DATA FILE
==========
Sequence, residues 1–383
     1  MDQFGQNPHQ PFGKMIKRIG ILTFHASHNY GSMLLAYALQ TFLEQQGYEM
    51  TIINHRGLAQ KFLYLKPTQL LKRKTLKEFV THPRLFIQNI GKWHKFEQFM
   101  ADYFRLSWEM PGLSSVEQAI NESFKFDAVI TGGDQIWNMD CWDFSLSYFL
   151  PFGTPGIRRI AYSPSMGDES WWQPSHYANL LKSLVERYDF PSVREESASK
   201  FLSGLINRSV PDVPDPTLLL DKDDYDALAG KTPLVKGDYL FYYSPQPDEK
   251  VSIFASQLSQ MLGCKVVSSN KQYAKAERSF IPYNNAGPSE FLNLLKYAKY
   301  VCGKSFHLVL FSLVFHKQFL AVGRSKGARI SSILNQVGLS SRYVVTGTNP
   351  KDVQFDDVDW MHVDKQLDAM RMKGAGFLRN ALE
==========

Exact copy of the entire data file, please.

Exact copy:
Sequence, residues 1–383
     1  MDQFGQNPHQ PFGKMIKRIG ILTFHASHNY GSMLLAYALQ TFLEQQGYEM
    51  TIINHRGLAQ KFLYLKPTQL LKRKTLKEFV THPRLFIQNI GKWHKFEQFM
   101  ADYFRLSWEM PGLSSVEQAI NESFKFDAVI TGGDQIWNMD CWDFSLSYFL
   151  PFGTPGIRRI AYSPSMGDES WWQPSHYANL LKSLVERYDF PSVREESASK
   201  FLSGLINRSV PDVPDPTLLL DKDDYDALAG KTPLVKGDYL FYYSPQPDEK
   251  VSIFASQLSQ MLGCKVVSSN KQYAKAERSF IPYNNAGPSE FLNLLKYAKY
   301  VCGKSFHLVL FSLVFHKQFL AVGRSKGARI SSILNQVGLS SRYVVTGTNP
   351  KDVQFDDVDW MHVDKQLDAM RMKGAGFLRN ALE